On a roll: taking analogue photography to the streets


For the past year, a shiny, silver Airstream trailer has been parked for a month at a time in different neighbourhoods across New York, distributing rolls of 35mm film for free and serving as a darkroom for resident photographers.

The mobile photo lab is an ongoing project by the Brooklyn-based art space Worthless Studios, with previous iterations travelling across the US. Free Film: NYC, as this edition is called, has so far made stops in Red Hook, the Lower East Side and the South Bronx, with the Airstream due to roll into Green-Wood Cemetery in Sunset Park, Brooklyn, this month and the Brotherhood of Sister Sol youth centre in Harlem in November.

At a time when the world is inundated with digital photography, and images generated using artificial intelligence are raising questions about authenticity and authorship, the Free Film project marks a return to a more physical form of the medium.

“Analogue has made a comeback,” says Neil Hamamoto, the founder and artistic director of Worthless Studios. There is a strong community of photographers who still shoot on film, he adds, and others who have held onto their manual cameras and remember the basics. “It’s something about the medium that just always sticks with people,” he says. “We’ve seen folks come in who just love the smell of the darkroom and love to sit down and share stories about their time learning photography.”

The project hands out between 100 and 150 rolls of film at each location and asks recipients to capture images based on a specific prompt. For the New York edition, the theme is One Square Mile, and neighbourhood boundaries are mapped out for participants, but they can otherwise interpret the theme as they wish.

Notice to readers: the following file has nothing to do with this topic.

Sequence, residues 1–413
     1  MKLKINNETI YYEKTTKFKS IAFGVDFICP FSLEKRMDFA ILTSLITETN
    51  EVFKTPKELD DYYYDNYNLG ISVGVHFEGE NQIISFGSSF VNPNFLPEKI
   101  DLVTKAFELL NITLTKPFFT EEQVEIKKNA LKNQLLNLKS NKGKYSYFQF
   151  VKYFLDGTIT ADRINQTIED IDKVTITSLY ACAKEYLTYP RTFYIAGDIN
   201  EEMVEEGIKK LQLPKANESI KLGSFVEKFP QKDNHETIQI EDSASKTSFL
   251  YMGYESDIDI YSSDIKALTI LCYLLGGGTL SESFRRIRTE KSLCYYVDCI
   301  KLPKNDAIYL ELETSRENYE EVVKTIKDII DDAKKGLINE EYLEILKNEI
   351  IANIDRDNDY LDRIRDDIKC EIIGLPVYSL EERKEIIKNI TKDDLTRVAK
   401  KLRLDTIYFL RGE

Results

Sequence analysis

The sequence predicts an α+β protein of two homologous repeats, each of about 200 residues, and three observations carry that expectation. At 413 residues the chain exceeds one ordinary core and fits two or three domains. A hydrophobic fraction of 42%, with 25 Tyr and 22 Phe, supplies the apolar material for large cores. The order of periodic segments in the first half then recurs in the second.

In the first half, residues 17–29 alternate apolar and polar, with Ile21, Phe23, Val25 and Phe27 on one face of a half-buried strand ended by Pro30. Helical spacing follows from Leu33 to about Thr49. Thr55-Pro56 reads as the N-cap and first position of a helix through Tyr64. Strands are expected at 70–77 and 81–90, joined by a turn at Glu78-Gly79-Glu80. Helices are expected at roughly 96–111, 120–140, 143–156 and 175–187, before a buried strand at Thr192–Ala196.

At the end of the month, participants can return their film to the trailer and have it developed without charge, receiving free scans of their images from Worthless Studios. About 75% of the rolls are returned, Hamamoto says. “We try to vet people that we think will take the project seriously,” he adds, “and in certain instances, we are able to loan cameras to those that really want to participate.”

Worthless Studios partners with community organisations to host the Airstream, such as the Bronx Documentary Center and the Lower East Side Girls Club, and a resident photographer heads the project in each neighbourhood, leading classes and workshops, or taking groups on photo walks. Resident photographers get a $2,500 stipend as well as the materials they need to develop their own film and make prints. “Part of our mission is to provide resources to young career artists,” Hamamoto says, “handing over a set of keys for them to do what they want with the darkroom space.”

Sofie Vasquez, the resident photographer during the project’s stint in the South Bronx, says her focus was accessibility, opening the Airstream’s darkroom to photographers who never had the chance to create their own prints or experiment with techniques like cyanotype. “I like learning new things, especially with photography,” Vazquez says. “And I think just giving people access to knowledge and options, that’s how someone’s going to naturally figure out what they want to create.”

On Free Film’s opening day in the South Bronx, photographers of all experience levels stopped by the trailer, from a first-time manual camera user joining his friend who had recently taken up the medium, to emerging artists who had participated in other legs of the project.

A selection of 100 to 200 images drawn from the thousands submitted will be displayed in an exhibition at Worthless Studios’ space in East Williamsburg next year, where the project will end its tour. A book of photographs will also be published.

Despite the variety of people taking part in the project, some common themes are already emerging, Hamamoto says, such as portraits of passersby taken on the street. This shows the connections that photography can make. “Trying to take a photograph of someone sparks conversation,” he says, “and joy.”


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